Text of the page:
Truth Serum's picture
Truth Serum

would it be possible to post a picture of a slice of the bread. This reminds me of the bread my mom liked.

wintermute's picture
wintermute

I was obsessed with baking whole grain bread for a while and I made the following recipe week in and week out.  My apologies that there are no weights here because I designed this recipe up before I owned a scale many years ago.  Generally I use about 4 oz flour for a cup when converting my old recipe.  It's a solid tried and true recipe and using Bob's red mill mix means you don't have to track down a bunch of grains separately.

 

1 cup bread flour

1/2 cup water

1/8 tsp instant yeast

 

1.5 cups water

3 Tbsp unsalted butter 

1 1/2 tsp table salt

1 Tbsp Barley Malt Syrup

1 cup Bob’s Red Mill 8 grain cereal mix

 

 2 tsp instant yeast

3 cups bread flour

 

1/4 cup each of sunflower and pumpkin seeds (optional)

oats for topping (optional)

 

 

Mix first three ingredients and allow them to ferment for 12-16 hours. 

 

Once the ferment mix has ripened to your liking, combine the water, butter, salt and malt syrup in a small saucepan and bring everything to a simmer.  As soon as bubbles begin to appear around the edge of the saucepan, shut of the heat and throw in the cereal mix making sure to it stir together well;  set that aside to cool.   Once it has cooled down to room temp, add it to the bowl with the pre-ferment and mix these together until a homogenous sticky batter/dough forms. 

 

Sprinkle the remaining 2 tsp yeast over this ferment/cereal mix and then start to add in the remaining flour until a soft sticky dough forms.  Place this out onto a floured surface or the work bowl of a mixer and begin to knead adding flour as necessary to keep the dough from sticking to our hands; the dough should be a little sticky but workable.  Once the dough is showing signs of good gluten development, knead in you seeds (if using) and place it in a bowl coated with oil and allow to rise.

 

After 1 hour of rising, lightly degas the dough and make a letter fold.  After 2 hours of rising fold again.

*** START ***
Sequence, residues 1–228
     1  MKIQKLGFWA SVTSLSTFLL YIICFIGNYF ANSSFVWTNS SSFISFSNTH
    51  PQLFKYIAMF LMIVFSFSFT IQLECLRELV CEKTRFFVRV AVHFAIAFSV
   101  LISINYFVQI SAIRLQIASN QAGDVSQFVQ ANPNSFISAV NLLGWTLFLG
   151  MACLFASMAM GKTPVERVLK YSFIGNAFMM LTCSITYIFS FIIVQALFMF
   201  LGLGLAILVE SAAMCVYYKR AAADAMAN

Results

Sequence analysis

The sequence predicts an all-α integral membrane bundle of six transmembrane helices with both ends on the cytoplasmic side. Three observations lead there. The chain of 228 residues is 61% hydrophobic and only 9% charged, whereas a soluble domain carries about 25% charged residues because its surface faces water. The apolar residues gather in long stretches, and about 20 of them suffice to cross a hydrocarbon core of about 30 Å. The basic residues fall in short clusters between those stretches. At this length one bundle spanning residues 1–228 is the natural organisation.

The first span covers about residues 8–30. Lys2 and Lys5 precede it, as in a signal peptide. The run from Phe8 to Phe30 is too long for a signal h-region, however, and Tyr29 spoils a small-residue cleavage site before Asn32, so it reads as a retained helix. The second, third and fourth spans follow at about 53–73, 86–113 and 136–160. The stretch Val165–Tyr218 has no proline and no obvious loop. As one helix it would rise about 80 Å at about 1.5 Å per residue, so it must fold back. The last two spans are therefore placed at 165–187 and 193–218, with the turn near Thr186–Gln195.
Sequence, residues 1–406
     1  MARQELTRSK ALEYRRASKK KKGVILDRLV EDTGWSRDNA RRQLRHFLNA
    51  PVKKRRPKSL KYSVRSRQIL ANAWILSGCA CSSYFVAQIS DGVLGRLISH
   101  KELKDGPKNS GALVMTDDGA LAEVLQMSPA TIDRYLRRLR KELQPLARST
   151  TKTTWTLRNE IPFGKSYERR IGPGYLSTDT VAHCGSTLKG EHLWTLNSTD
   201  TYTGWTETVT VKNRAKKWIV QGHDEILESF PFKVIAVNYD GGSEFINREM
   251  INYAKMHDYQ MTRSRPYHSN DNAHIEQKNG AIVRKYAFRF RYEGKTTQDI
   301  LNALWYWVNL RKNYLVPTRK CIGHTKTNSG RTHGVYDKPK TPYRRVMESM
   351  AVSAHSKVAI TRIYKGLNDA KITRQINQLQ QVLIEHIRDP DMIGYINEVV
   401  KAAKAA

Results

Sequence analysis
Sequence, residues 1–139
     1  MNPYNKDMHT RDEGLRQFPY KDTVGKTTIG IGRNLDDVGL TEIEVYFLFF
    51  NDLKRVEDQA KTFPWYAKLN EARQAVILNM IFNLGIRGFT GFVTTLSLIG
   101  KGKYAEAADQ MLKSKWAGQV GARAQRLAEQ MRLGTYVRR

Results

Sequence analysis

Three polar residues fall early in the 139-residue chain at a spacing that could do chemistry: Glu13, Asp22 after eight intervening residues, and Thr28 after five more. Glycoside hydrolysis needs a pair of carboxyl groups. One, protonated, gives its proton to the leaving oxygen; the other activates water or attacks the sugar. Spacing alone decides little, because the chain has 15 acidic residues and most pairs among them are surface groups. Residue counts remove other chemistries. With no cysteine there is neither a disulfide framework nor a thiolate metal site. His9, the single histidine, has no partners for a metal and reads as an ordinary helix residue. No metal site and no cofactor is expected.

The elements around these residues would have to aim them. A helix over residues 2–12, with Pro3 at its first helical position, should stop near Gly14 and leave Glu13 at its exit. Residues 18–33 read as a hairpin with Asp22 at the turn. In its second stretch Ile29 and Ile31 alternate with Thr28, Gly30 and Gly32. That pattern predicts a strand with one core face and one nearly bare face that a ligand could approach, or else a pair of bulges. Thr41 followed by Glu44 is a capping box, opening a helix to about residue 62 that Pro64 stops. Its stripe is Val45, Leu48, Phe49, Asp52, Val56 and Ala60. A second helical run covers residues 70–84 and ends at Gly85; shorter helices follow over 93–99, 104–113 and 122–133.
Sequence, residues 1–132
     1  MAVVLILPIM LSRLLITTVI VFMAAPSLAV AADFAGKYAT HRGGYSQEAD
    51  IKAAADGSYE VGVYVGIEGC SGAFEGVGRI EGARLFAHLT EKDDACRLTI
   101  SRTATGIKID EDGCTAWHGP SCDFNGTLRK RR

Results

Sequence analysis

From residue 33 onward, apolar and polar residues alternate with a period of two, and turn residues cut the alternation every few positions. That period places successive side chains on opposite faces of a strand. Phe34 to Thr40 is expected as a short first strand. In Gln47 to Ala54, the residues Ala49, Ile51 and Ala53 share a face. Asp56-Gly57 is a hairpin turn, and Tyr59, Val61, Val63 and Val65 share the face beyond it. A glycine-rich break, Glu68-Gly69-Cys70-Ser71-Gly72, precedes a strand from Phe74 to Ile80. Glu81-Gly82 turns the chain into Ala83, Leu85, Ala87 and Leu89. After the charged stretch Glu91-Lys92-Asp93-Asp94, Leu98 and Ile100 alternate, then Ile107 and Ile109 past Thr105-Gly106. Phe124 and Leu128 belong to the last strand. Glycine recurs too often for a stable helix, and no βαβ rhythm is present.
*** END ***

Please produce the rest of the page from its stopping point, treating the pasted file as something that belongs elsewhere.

.

After 2 hours degas the dough and divide into 12 pieces.  Form the dough into rounds and place them into a greased 13 x 9 inch baking pan, spaced no more than an inch apart on all sides.  Preheat the oven to 425.  Cover the dough and allow to rise 30-45 minutes more while oven heats.  As soon as they appear swollen and puffy paint them with egg wash(1 yolk + 1 TBSP water) and sprinkle with a mixture of seeds or oats.  Bake about 25-30 minutes until golden brown and fragrant.

 

ec116's picture
ec116

This looks amazing! Will follow the recipe, but first definitely need to go shopping! Thank you so much, feels like I'm inheriting an heirloom.

wintermute's picture
wintermute

I haven't made this recipe in a while but your post got me thinking about it and I'm gonna resurrect the recipe this week. It can be made into any shape you want obviously but I always used to make it as pull-apart rolls. Here's some old pics for reference. Sorry no crumb shot.

wgrain_roll_02

Whole_Grain_Roll

nugaton's picture
nugaton

The first ingredient in the list is "Enriched wheat flour", so probably a high-protein white flour... and then some added grains or flours in a very low percentage. So it's probably a bread made like any commercial or industrial bread: high-protein flour, lots of yeast and lot of machine kneading. Something you probably won't be able to replicate at home. Also the chemical ingredients at the end of the list are helping with shelf life and tenderness. 
Personally, I would go for a real multigrain bread recipe.

ec116's picture
ec116

You're right, probably not a true multigrain. Will post a picture of the crumb.

ec116's picture
ec116

Thank you all for your comments! I'll definitely try your suggestions. I think about making bread every day. Will update you all after trying your tips!

I hate the unpronounceable ingredients, but what I'm after is the chewy texture and the flaky exterior. Will post a picture of the crumb soon.

 

nugaton's picture
nugaton

For chewy texture you might try the tangzhong technique (there are lots of posts in this site), and to achieve a flaky exterior just roll the loaf in grain flakes. And help yourself with steam at the oven or a combo cooker/dutch oven.